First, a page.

Here’s How Hurricanes Actually Get Their Names

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  • It’s always interesting to see the name of the next storm. Why is this one deemed a female? Are these names chosen at random, out of a hat? What happens if there aren’t any names left to choose from?

    To understand the naming rules you need to go back to the 1950s: storms were named for the year they formed and their order, or sometimes for their longitude and latitude. This messy system lead to confusion.

    Beginning in the 1950s we started assigning human names to hurricanes in an alphabetical order.

    There are 21 names chosen each year, since the letters Q, U, X, Y and Z aren't used. The names alternate between male and female.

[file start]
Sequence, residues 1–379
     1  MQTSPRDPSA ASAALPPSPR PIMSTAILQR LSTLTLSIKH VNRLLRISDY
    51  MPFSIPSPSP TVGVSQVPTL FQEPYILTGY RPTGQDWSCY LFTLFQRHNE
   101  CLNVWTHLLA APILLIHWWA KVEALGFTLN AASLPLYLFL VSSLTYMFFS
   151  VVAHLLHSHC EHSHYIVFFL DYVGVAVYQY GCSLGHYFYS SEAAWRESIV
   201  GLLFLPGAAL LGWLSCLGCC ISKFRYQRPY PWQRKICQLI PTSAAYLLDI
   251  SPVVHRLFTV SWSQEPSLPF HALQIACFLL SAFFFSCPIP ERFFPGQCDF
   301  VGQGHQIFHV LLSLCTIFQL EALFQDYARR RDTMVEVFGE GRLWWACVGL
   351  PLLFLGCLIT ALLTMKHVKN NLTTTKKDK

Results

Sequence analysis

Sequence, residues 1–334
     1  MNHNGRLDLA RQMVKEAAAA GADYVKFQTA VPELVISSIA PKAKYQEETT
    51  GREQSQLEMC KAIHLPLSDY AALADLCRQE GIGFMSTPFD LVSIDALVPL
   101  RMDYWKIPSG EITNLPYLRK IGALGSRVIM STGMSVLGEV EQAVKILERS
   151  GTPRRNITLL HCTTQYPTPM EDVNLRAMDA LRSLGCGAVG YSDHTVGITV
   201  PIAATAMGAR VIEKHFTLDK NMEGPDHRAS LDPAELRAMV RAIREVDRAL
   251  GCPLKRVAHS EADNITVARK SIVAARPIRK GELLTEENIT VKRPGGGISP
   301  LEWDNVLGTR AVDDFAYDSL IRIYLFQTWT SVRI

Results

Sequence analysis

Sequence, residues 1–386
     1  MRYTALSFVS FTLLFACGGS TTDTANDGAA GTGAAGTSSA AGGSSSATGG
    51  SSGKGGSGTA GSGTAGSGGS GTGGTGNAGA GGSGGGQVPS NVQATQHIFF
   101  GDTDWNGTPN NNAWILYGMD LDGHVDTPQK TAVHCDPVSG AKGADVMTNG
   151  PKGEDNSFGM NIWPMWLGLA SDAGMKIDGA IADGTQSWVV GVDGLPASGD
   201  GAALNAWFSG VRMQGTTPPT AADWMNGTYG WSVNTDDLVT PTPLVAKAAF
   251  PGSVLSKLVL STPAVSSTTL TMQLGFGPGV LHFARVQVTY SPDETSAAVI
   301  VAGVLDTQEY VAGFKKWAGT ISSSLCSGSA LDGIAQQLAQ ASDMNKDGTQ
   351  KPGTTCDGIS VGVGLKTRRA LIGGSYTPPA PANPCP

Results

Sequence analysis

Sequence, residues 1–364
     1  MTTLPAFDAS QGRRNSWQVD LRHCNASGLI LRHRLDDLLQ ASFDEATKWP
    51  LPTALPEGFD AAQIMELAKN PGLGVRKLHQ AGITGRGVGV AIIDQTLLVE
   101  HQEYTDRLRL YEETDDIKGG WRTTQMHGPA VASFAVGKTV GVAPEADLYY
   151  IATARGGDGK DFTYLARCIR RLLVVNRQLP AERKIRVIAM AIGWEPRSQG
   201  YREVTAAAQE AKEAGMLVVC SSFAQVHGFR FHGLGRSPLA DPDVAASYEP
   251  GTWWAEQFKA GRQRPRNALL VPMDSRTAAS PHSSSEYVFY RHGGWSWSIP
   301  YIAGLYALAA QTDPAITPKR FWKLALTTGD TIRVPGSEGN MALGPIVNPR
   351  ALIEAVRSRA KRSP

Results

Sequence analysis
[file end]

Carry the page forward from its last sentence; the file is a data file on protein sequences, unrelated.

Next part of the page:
Names for hurricanes are picked in advance by the World Meteorological Organization, which is part of the U.N.

    They have a set of 6 lists of 21 names, which rotates every year, so in 2017 we will see names reused from 2011 and 2005, except for a certain one.

    When a storm causes enough damage or kills a large number of people, it would be inappropriate to reuse it. Katrina was retired from the lists, but we might see its replacement, Katia.

    What happens if the list of 21 names gets used up? It's very rare, but if it does happen the organization starts using Greek letters (Alpha, Beta, Gamma…).

    Did you know all of this about the hurricane-naming process?

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